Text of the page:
Friday, December 19, 2008

Christmas at OVC

Before we left for our 10 day adventure we tried to sort out some plans for the Christmas celebration at the OVC project that was scheduled for 4 days after we returned. We hoped that the committee and volunteers would take ownership for their event and plan while we were away, but weren’t surprised when we arrived and absolutely nothing had been done.

On Sunday after church, three days before the celebration, we met with a few of the committee members to plan an event for 300 people. We tried to plan a menu, a program and sort out many of the details, but this is Africa and planning is not done the same way as home. In Canada this would never fly!

Monday morning Mom and I went shopping with a couple of the cooks and filled up the back of the truck full of food. We bought huge bags of chicken, rice, potatoes, tomatoes and the lot. It’s hard to comprehend, but a meal like that is only for very special occasions in the village that we work with. Some of the kids had not had rice before and chicken was very rare. So although it was a big job, there was an element of excitement in our task.

We then spent the rest of the day frantically trying to put together gift packages for each of our 180 kids… not an easy task! We used the remainders from other give-aways, as well as some recently received packages from Canada. The gift packages all had some basic school supplies in them like paper, crayons, markers, pens and pencils and then we tried to put a few items in each bag that were age specific. Our favourites were the packages for our youngest orphans that contained lovely cuddly stuffed animals, a rare treasure for them!

The morning of the event was spent running last minute errands, checking on the hardworking cooks (of which there were about 20) while mom and Kimmie worked away on the gifts. We were truly African when we were still at home trying to organize, label and package the gifts at 3pm when the program was due to “start” at 2!

Daryl had the opportunity to share the Christmas story and it was a great success. We also sung some Christmas carols which the kids loved. The most successful part of the day for us was having the kids eat FIRST(!!!), before the elders and caregivers. This was a huge feat as it is very counter cultural and has yet to happen at any of the big celebrations at project. Everyone participated in the celebration feast in a relaxed way, all the kids lined up without pushing and shoving and chaos did not ensue.

The gift giving also went amazingly well as we called the kids one by one to receive their gifts. There were many smile s on many faces. After that we had the opportunity to honour the volunteers and cooks by giving them a small financial gift that had been donated by some of our supporters. Daryl and I also ordered custom t-shirts for all of them but unfortunately this is Africa and they weren’t done on time.

We were setting ourselves up for disaster but it was far from it. We thank God.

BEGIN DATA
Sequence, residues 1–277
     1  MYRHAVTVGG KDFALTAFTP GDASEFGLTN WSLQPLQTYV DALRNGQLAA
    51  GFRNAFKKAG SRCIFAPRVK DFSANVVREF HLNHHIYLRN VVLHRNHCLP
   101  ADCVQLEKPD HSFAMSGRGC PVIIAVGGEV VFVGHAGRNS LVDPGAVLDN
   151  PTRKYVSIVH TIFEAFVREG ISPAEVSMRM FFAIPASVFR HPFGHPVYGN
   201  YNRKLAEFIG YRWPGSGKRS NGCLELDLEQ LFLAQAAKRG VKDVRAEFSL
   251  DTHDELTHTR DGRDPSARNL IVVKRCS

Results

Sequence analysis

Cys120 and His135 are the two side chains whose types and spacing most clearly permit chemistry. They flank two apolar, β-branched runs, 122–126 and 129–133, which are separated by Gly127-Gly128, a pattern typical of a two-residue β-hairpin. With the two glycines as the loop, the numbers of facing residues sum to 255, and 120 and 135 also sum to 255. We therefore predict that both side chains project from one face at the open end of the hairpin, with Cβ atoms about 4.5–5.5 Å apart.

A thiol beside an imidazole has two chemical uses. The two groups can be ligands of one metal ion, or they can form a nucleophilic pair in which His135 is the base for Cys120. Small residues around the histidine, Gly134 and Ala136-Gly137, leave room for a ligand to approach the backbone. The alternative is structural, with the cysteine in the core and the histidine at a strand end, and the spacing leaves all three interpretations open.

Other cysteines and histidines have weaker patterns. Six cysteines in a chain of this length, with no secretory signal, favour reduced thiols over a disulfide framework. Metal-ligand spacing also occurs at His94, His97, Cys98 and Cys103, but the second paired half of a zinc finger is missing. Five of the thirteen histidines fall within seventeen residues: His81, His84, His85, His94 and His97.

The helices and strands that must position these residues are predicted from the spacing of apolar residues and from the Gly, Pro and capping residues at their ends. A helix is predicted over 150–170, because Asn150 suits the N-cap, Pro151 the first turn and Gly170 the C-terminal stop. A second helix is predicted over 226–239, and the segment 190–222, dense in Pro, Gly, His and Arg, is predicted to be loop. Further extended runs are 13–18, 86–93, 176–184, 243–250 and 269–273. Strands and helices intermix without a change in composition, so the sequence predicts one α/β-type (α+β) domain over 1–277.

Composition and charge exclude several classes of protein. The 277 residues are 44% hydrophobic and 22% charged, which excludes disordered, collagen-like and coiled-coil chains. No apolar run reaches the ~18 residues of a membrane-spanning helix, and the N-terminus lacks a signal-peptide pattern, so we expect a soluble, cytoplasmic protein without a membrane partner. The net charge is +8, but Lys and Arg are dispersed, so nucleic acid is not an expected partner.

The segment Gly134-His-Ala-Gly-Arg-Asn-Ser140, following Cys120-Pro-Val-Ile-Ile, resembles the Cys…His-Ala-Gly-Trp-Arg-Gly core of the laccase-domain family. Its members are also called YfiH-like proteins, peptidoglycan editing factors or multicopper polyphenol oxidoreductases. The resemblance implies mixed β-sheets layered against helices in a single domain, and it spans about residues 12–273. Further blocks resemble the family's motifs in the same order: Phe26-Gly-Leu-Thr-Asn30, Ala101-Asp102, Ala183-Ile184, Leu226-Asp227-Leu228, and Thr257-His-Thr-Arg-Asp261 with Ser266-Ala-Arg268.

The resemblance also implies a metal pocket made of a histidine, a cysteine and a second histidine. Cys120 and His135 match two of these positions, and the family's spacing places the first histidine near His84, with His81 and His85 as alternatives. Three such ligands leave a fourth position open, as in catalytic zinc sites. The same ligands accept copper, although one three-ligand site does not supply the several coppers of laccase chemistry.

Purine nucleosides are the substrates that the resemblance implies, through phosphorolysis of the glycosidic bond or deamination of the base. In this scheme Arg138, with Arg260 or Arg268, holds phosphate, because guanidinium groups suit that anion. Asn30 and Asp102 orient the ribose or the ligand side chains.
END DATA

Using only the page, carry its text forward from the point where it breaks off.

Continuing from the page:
For more pictures:

Wednesday, December 17, 2008

Dunes with mom

The much anticipated visit from with my mother has been fantastic so far. After her arrival, and getting over the excitement of seeing one another, we spent a few days in Windhoek eating great food and catching up on sleep. Then the adventure really began.

We drove South West to the world famous (and Namibia’s number 1 tourist attraction) Sossousvlei in the Namib dessert, the oldest desert in the world. Our drive there was fantastic as we were surprised by the panoramas as we drove through ever-changing landscapses. Sossousvlei is known for the tall, majestic red sand dunes, which get their colour from the iron content found in the sand. We stayed overnight just outside the park gate so that we could get in at 6am when the gate opens, as the colours are more dramatic in the soft light of morning.

“Dune 45” is one dune in particular that you are allowed to climb, and so all three of us slowly made our way up taking in the breathtaking view of dune upon dune. After having lots of sandy fun on top (see pictures!) we made our way down and drove further on to make our way to “Dead Vlei” which is a pan of 900 year old fossilized trees and a beautiful sight. By the time we did all this the sun was full blast at noon and it was time to seek some shelter. What an amazing morning!

It took a couple of days for us to get to the Atlantic coast with more surprising landscapes along the way. The desert landscape changed dramatically to light yellow dunes and it was amazing to see them literally disappear into the sea! Mom never ceases to amaze me as she was keen to participate in Quad biking in the dunes (especially after she learned that it was not a regular bike that you have to use your “quads” for!). So we took an amazing 4 hour tour of the dunes on our Quad bikes stopping to learn about the flora and fauna, and the 10 000 year old fossilized foot prints, jewellery and pots, and human skeletons from when the bush people lived in the dunes with all the animals.

Mom was also keen to go sea kayaking in the lagoon near Walvis Bay, and we paddled along side colonies of seals and dolphins that were jumping right beside us, and thousands of flamingos. I have to say that Swakopmund also offered really nice shopping (surprisingly Daryl didn’t enjoy that part quite as much as mom and I, but made sure to sample the great coffee).

The journey continued in the North West region of Namibia to Twyfelfountein where we admired the most extensive and oldest rock art in all of Africa. Then we had the chance to visit a Cheetah Conservation Project to see those amazing animals run!

Other than me successfully bursting a tire, we made it home to Rundu safely and were thrown into the midst of OVC Christmas planning…